Despite bureaucratic hurdles, the vast majority of pediatricians want to keep participating in a national program that provides vaccinations at no cost to children who are on Medicaid, uninsured, or who are American Indian/Alaska Native, according to researchers at the University of Colorado Anschutz Medical Campus.
The Vaccine For Children Program was created in 1993 to keep children from contracting vaccine-preventable diseases due to an inability to pay for the drugs. Since then, it has increased vaccination rates, decreased vaccine-preventable illnesses and reduced social and racial disparities among those inoculated.
The study, published online in the journal Pediatrics, examined pediatrician participation in the program.
WHAT’S THE IMPACT
The researchers sent surveys to 471 pediatricians, with 372 responding. They asked how many of the doctors participated in the program, the perceived burdens of taking part, their experiences and practices in stocking the vaccines and their views on a bigger reimbursement for giving the vaccine to Medicaid patients.
Yet when asked if they considered quitting the program in the past year, 85% said they had never seriously considered or discussed it. Another 10% said they had considered it but not seriously, and 5% reported seriously considering it.
Those who seriously considered opting out said the chief culprit was difficulty in record-keeping requirements. Other reasons included unpredictable vaccine supplies, inadequate payment for vaccine administration fees and keeping separate stocks of vaccines, requiring separate storage facilities.
But nearly all pediatricians surveyed said the program was valuable because they could give vaccines regardless of the patients’ ability to pay, children could get the vaccinations at their own medical provider’s office and it improved overall vaccination rates.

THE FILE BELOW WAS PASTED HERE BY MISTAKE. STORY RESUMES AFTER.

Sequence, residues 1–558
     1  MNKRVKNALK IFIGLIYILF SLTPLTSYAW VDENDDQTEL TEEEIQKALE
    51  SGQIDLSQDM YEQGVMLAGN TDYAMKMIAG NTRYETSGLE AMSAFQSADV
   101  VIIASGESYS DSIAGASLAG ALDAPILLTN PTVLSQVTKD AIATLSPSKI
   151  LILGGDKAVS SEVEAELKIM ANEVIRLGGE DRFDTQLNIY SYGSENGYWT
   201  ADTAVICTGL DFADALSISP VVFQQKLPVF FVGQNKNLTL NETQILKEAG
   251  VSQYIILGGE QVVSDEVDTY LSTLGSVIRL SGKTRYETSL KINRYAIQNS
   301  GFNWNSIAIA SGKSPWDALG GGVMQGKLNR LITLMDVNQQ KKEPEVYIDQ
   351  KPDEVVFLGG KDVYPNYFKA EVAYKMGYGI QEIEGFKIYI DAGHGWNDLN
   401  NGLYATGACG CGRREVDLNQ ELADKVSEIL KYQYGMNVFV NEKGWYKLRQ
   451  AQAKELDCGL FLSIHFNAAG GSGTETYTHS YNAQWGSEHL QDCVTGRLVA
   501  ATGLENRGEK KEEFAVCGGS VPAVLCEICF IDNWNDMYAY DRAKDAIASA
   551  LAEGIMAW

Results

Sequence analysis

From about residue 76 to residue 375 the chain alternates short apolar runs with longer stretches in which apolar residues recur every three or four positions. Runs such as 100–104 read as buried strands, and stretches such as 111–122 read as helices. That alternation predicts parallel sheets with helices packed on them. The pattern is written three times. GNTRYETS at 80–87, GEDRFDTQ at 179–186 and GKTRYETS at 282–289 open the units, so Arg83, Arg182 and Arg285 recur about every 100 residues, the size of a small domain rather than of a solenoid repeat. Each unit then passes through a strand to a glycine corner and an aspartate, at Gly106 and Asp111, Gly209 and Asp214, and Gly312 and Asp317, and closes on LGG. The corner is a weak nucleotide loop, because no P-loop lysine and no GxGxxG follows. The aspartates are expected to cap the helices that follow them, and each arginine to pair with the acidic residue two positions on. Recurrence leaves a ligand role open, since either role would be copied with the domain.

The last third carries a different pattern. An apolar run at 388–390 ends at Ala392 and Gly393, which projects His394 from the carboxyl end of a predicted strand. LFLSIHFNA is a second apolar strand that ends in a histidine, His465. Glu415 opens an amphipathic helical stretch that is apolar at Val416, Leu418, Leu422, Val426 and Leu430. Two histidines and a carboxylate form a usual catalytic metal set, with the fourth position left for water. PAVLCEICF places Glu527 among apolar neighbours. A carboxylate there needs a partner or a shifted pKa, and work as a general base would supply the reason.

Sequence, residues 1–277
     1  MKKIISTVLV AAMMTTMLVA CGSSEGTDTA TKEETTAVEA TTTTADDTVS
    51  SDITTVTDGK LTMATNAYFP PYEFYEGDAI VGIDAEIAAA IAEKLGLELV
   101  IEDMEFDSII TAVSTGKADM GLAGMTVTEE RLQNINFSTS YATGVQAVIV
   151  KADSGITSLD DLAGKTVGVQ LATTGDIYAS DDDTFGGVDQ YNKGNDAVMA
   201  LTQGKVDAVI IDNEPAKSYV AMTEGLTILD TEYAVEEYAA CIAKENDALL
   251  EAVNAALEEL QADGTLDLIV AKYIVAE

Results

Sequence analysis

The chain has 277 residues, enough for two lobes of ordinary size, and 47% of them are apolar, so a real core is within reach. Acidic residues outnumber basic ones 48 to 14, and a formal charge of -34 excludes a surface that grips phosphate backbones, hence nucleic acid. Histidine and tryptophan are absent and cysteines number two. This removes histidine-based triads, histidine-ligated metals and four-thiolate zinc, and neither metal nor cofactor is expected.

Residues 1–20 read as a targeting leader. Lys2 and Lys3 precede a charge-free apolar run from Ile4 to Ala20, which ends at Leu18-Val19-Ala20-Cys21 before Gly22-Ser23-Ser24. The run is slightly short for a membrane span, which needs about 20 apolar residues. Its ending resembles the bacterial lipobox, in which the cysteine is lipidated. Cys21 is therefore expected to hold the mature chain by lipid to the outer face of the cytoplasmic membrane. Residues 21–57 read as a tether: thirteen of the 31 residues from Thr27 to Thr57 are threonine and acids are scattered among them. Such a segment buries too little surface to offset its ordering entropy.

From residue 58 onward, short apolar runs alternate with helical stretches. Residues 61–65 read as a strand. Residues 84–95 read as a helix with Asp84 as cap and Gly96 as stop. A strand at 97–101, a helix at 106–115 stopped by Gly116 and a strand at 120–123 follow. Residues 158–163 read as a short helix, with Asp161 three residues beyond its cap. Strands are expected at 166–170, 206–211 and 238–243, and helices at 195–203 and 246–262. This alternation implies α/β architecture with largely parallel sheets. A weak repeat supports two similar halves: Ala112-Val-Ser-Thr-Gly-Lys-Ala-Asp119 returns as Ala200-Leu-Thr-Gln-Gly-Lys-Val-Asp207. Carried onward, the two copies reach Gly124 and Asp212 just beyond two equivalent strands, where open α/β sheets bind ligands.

The authors recommend alleviating burdens where possible. That could include increasing payments for vaccine administration, uniform rules that allow borrowing between private and VFC vaccine stocks and creating incentive to buy proper storage and monitoring equipment.
THE LARGER TREND
Data from 20187 showed that providers and patients alike could save time and money if federal law is reformed to allow pharmacists to administer all vaccines recommended by the Centers for Disease Control and Prevention.
The move would also make sense from a population health standpoint, since many people become sick, are hospitalized, or die from vaccine-preventable illnesses each year. In fact, about 900,000 people get pneumococcal pneumonia each year, leading to 400,000 hospitalizations and 19,000 deaths.
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